Last modified: 2015-07-28 by ivan sache
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Municipal flag of Zandhoven - Image by Jarig Bakker, 5 October 2001
The municipality of Zandhoven (12,262 inhabitants on 1 January 2007; 4,010 ha) is located in Kempen, south-east of Antwerp. The municipality of Zandhoven is made since 1976 of the former municipalities of Zandhoven, Massenhoven, Pulderbos, Pulle and Viersel.
Zandhoven (4,480 inh.) was founded by the Franks in the IV-Vth century, as shown by its typical, triangular, village square.
Massenhoven (1,161 inh.) was sold in 1644 by Philip IV to Adriaan Brouwers. During the Eighty Years' War, the village was completely destroyed in 1585 and only six villagers survived. Massenhoven was also a center of the anti-French insurrection known as the Boerenkrijg (1798).
Pulderbos (2,645 inh.) developed around a chapel dedicated to the Blessed Virgin and built in the woods of the parish of Pulle. Following the increase in the population, Pulderbos seceded from Pulle around 1200.
The windmill of Pulderbos, built by Petrus Meeussen in 1840, was used until 1953. It was listed as protected heritage by Royal Decree on 14 October 1976 and purchased by the municipality of Zandhoven on 6 February 1987. The revamped mill was inaugurated on 18 November 1995 and has been used on a regular basis since then.
Pulle (2,668 inh.) was already settled in the Roman times. The name of the village comes from pul / puldre, meaning "a marsh".
Viersel (1,190 inh.) is one of the earliest Frankish settlements in southern Kempen, but the site was already settled in the Prehistoric times. Viersel was originally named Voorschoten, a name that disappeared with the original village of Voosrshoten in the XVIth century.
Source: Municipal website
Ivan Sache, 3 January 2008
The municipal flag of Zandhoven is quartered blue-white-white-red.
According to Gemeentewapens in België - Vlaanderen en Brussel, the flag was adopted by the Municipal Council on 11 September 1986, confirmed by the Executive of Flanders on 4 November 1986 and published in the Belgian official gazette on 3 December 1987.
The design and colours of the flag are taken from the municipal arms.
The municipal arms of Zandhoven, as shown on the municipal website are:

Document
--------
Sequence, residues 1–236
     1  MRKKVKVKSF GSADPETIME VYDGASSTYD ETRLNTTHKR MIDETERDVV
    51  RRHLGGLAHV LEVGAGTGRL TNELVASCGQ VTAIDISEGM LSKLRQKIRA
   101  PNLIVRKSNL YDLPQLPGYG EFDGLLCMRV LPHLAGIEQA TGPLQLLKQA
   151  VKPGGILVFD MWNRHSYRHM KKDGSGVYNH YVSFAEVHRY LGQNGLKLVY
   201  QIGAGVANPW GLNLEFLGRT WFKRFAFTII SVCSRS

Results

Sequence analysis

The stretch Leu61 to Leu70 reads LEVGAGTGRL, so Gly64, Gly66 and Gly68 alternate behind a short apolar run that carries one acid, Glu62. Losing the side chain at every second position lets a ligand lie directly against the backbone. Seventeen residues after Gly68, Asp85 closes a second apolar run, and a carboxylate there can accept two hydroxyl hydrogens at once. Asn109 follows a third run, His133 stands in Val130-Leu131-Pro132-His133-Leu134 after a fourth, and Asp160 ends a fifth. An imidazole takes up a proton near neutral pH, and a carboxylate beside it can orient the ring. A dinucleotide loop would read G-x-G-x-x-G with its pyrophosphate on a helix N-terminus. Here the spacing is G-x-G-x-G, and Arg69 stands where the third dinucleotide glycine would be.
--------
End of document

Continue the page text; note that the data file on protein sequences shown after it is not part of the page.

1 : in lazuur drie staande lelies van zilver;
2 : in keel een schildhoofd van zilver, beladen met drie mereltjes van het veld, naast elkaar geplaatst;
3 : in zilver vijf aaneengesloten spitsruiten van keel, dwarsbalksgewijze geplaatst, de tweede overtopt met een mereltje van sabel;
4 : in zilver een geledigd leliekruis van sabel en een blokzoom van zestien stukken van keel en van zilver, die van keel beladen met een toren van goud, geopend van lazuur, die van zilver met een ketel van sabel.
1. Azur three fleurs-de-lis couped argent;
2. Gules a chief argent three merlettes of the field;
3. Argent fives rhombs adjacent gules, the second surmonted with a merlette sable;
4. Argent a cross ? sable voided throughout a border chequered of sixteen pieces gules and argent, the pieces gules charged with a tower or opened azure, the pieces argent charged with a kettle sable).
The first quarter represents Pulderbos, and was designed after the arms of the van den Steene aka van Assche, owner of Pulderbos in the XVIIIth century.
The second quarter represents Pulle. From 1726 onwards, the municipal council of Grobbendonk and Pulle used a seal with the arms of the family of Ursel. Gaspar Schetz, lord of Pulle, remarried after the death of his first wife with Katarina d'Ursel; their son Konrad took his mother's arms as his.
The third quarter represents Massenhoven, and was designed after the arms of the Cannart d'Hamale, lords of Massenhoven in the XVII-XVIIIth centuries.
The fourth quarter represents Viersel, and was designed after the arms of the de Villegas, lords of Viersel and Hovorst from the second half of the XVIIth century to the French Revolution.
Zandhoven is represented by St. Amelgerga proper, standing on a sturgeon vert. Amelberga was a Benedictine abbess from the Pipinid dynasty (VIIIth century); after her death, her body was brought back from the abbey of Munsterbilzen to Temse on a boot sailing on the Scheldt, followed by a huge procession of pilgrims. In her lifetime, the saint was once transported over the Scheldt by a huge sturgeon. According to Servais, the former arms of Zandhoven, granted by Royal Decreeon 29 August 1842 after a municipal seal from the XVIIIth century, shows the saint proper, standing on a sturgeon vert and holding in sinister a green palm and in dexter a shield of Brabant ("Sable a lion or armed and langued gules").
Pascal Vagnat & Ivan Sache, 3 January 2008